At least it appears the U.S. administration has few illusions left about Russia’s further designs on Ukraine, from which Vladimir Putin last month swiped Crimea. On Sunday, as Russia pressed ahead with a similar script in eastern Ukraine, the State Department put out a cascade of statements detailing Russia’s campaign of causing bloody trouble in order to justify intervention.
The State Department’s diplomatic blog carried a report that in Ukraine this weekend “Coordinated, well-armed Russian-backed militants attacked government buildings in a professional operation in six cities in eastern regions. Many of the attackers were carrying Russian-origin weapons and outfitted in bulletproof vests and camouflage uniforms with insignia removed.” The State Department press office released a fact sheet titled “Russian Fiction the Sequel: 10 More False Claims,” refuting Russia’s “false and dangerous narrative to justify its illegal actions in Ukraine.”
A State Department media note warned that the methods of the armed takeovers of government buildings in half a dozen cities in eastern Ukraine, apparently planned in advance, “strongly suggest that in eastern Ukraine Russia is now using the same tactics that it used in Crimea in order to foment separatism, undermine Ukrainian sovereignty, and exercise control over its neighbors in contravention of international law.”
All of which might be effective if Russia’s President Vladimir Putin had a deep and abiding respect for “international law.” Or if the U.S. still had a credible policy of supporting and potentially enforcing such concepts with military muscle — which is the language Putin speaks.
But U.S. credibility is becoming a relic of a bygone era — fading like the “red line” in Syria, shrinking like U.S. military resources, dwindling like the U.S. nuclear arsenal and worth about as much as the promises to stand (with the international community) against a Russian grab for Crimea. The U.S. default is to talk…and talk… and talk… relying on words, backed by more words; hoping for the grand diplomatic solution (Iran, Syria, the Palestinians, and now Ukraine) as the words carry ever less weight. In February, as Russia threatened Ukraine’s Crimea, President Obama declared that “The United States will stand with the international community in affirming that there will be costs for any military intervention in Ukraine.” In March, as Russia was in the process of annexing Crimea, Obama said that “the United States has mobilized the international community in support of Ukraine to isolate Russia for its actions” and noted that “We saw this international unity… when Russia stood alone in the Security Council defending its actions in Crimea.”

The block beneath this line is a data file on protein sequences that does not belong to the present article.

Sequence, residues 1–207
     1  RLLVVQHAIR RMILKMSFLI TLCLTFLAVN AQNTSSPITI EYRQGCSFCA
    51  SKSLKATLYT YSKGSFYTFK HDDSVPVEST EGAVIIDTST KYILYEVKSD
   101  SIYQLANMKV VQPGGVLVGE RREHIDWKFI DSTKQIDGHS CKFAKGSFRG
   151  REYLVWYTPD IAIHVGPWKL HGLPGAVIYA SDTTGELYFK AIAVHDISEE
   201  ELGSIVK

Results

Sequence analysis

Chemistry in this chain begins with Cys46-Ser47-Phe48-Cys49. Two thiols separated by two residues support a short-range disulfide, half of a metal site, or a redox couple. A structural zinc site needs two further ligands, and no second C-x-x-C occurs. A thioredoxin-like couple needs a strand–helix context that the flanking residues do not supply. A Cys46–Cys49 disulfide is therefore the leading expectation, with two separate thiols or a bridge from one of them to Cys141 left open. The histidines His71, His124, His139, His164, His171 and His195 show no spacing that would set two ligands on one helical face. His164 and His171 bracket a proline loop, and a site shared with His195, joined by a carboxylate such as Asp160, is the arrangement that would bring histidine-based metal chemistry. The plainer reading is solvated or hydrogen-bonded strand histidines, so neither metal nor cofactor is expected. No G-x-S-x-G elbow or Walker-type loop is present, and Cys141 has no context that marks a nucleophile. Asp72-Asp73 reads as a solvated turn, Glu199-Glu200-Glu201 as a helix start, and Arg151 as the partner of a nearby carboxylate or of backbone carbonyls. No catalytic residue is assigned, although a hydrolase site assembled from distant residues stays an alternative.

Evidently, the Kremlin has decided that its armed provocateurs backed by 40,000 troops on the eastern border of Ukraine will trump any amount of isolation at the UN Security Council. This was excruciatingly clear at an emergency meeting of the Security Council Sunday evening. It was the Security Council’s 10th meeting this year on Ukraine, and there was no sign that it was any more successful at corralling Russia than the previous nine. Not that this should be a surprise, given that Russia holds one of the Permanent Five veto-wielding seats — meaning that an actual resolution, whatever that might be worth, is out of the question.